If you want to make your blood boil, read on.
This is surely a bad joke.
It shows just how corrupt the entire IOC/CAS/WADA anti-doping set-up really is.
Twenty-eight Russian athletes had their Olympic doping bans overturned on Thursday, throwing the International Olympic Committee’s policy on Russian doping into turmoil.
The Court of Arbitration for Sport ruled that evidence was “insufficient” that the 28 — including several medallists — had broken anti—doping rules at the 2014 Olympics in Sochi.
The 28 who had their bans lifted could now seek late entry into the Pyeongchang Games, which open February 9.
Eleven more were ruled to have been guilty of doping, but had lifetime bans cut to a ban from the Pyeongchang Games alone.
CAS said it “unanimously found that the evidence put forward by the IOC in relation to this matter did not have the same weight in each individual case. In 28 cases, the evidence collected was found to be insufficient to establish that an anti-doping rule violation was committed by the athletes concerned.”
The IOC has already invited 169 Russians to the Pyeonchang Olympics under a neutral flag, but may now be forced to allow in athletes it deems dopers, eight days before the Games begin.
It wasn’t immediately clear how many of the 28 Russians would now seek to compete. Some have already retired from competitive sports.
Those reinstated at the Sochi Olympics include skeleton luge gold medallist Alexander Tretiakov and cross-country ski gold medallist Alexander Legkov.
Russia won’t win back some medals, such as in the men’s four-man bobsled, where two crew members were disqualified and two reinstated. Both of the gold medal-winning two-man bobsled crew remain banned.
The IOC last year banned 43 Russians over doping offences at the Sochi Olympics, ruling they had been part of a scheme to dope.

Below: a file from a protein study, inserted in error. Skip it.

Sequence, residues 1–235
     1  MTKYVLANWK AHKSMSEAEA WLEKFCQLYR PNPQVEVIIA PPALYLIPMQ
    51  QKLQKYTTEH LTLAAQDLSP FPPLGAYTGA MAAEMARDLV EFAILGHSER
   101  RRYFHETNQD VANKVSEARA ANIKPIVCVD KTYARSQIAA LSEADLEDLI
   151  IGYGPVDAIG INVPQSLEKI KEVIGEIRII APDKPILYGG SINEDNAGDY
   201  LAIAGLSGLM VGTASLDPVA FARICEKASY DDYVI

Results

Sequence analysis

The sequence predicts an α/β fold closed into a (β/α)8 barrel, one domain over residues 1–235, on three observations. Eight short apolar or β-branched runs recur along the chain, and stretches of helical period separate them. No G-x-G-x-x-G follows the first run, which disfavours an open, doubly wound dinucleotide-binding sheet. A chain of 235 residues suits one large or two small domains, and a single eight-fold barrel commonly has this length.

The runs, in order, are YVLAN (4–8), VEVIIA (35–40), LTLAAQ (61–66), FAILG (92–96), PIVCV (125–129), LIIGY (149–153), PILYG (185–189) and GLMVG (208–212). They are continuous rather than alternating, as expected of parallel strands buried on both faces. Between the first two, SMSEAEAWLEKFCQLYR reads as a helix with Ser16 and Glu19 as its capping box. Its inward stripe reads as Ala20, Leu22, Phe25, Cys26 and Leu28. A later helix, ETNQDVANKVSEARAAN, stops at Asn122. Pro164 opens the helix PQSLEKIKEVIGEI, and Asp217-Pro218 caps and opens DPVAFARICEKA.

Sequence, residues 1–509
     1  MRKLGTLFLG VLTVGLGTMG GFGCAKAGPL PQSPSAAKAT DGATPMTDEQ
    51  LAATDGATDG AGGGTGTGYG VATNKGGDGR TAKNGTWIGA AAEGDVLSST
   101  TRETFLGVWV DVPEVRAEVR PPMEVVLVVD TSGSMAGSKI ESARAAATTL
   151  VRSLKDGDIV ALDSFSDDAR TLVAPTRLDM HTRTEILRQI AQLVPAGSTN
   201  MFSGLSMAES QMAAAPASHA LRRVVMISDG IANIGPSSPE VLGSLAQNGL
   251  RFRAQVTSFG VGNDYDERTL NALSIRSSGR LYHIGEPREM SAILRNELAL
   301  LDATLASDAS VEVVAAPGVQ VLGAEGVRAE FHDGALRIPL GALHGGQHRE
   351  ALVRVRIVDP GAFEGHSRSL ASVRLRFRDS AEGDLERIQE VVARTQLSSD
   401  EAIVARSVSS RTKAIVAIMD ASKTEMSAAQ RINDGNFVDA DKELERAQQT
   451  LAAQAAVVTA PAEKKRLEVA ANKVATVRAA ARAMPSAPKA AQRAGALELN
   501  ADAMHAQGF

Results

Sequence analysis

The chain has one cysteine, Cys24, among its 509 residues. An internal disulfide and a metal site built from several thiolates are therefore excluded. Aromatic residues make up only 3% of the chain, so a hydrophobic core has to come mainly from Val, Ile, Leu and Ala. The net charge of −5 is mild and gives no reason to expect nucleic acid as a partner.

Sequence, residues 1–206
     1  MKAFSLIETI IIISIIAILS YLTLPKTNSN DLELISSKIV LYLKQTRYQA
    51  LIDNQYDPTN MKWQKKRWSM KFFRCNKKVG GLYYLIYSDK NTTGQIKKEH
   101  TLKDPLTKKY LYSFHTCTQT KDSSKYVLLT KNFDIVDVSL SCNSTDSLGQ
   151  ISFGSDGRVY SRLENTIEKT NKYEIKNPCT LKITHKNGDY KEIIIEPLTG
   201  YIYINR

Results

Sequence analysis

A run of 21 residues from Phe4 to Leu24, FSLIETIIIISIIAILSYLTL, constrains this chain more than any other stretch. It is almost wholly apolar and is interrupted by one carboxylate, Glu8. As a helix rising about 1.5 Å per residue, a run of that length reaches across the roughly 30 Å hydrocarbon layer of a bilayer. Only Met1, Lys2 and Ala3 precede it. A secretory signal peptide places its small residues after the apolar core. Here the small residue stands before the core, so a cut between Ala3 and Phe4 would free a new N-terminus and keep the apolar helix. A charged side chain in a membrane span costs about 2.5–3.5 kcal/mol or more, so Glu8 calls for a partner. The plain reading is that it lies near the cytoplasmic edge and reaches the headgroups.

The Russian director of the laboratory which handled samples for the Sochi Games, Grigory Rodchenkov, said he gave cocktails of banned steroids to athletes and swapped tainted samples for clean urine on orders from Russian state sports officials.
The Russian government vehemently denies ever supporting doping. Three more appeals, all involving retired biathlon competitors, will be heard later.
ATHLETES WITH BANS LIFTED:
Alexander Legkov (cross-country skiing, GOLD, SILVER) Aleksei Negodailo (bobsleigh, GOLD) Dmitry Trunenkov (bobsleigh, GOLD) Aleksander Tretiakov (skeleton, GOLD) Maxim Vylegzhanin (cross-country skiing, 3x SILVER) Albert Demchenko (luge, 2x SILVER) Alexander Bessmertnykh (cross-country skiing, SILVER) Nikita Kryukov (cross-country skiing, SILVER) Tatyana Ivanova (luge, SILVER) Olga Fatkulina (speed skating, SILVER) Elena Nikitina (skeleton, BRONZE) Olga Stulneva (bobsleigh) Liudmila Udobkina (bobsleigh) Evgeniy Belov (cross-country skiing) Natalia Matveeva (cross-country skiing) Alexey Petukhov (cross-country skiing) Evgenia Shapovalova (cross-country skiing) Tatiana Burina (ice hockey) Ekaterina Lebedeva (ice hockey) Ekaterina Pashkevich (ice hockey) Anna Shchukina (ice hockey) Ekaterina Smolentseva (ice hockey) Sergei Chudinov (skeleton) Maria Orlova (skeleton) Olga Potylitsyna (skeleton) Artem Kuznetcov (speed skating) Alexander Rumyantsev (speed skating) Ivan Skobrev (speed skating)
BAN UPHELD BUT LIFE BAN REDUCED TO BAN FROM PYEONGCHANG:
Aleksandr Zubkov (bobsleigh, 2x GOLD) Alexey Voevoda (bobsleigh, 2x GOLD) Alexander Kasyanov (bobsleigh) Ilvir Khuzin (bobsleigh) Aleksei Pushkarev (bobsleigh) Yulia Chekaleva (cross-country skiing) Anastasia Dotsenko (cross-country skiing) Julia Ivanova (cross-country skiing) Inna Dyubanok (ice hockey) Anna Shibanova (ice hockey) Galina Skiba (ice hockey) CASES POSTPONED: Olga Vilukhina (biathlon, 2x SILVER) Yana Romanova (biathlon, SILVER) Olga Zaytseva (biathlon, SILVER)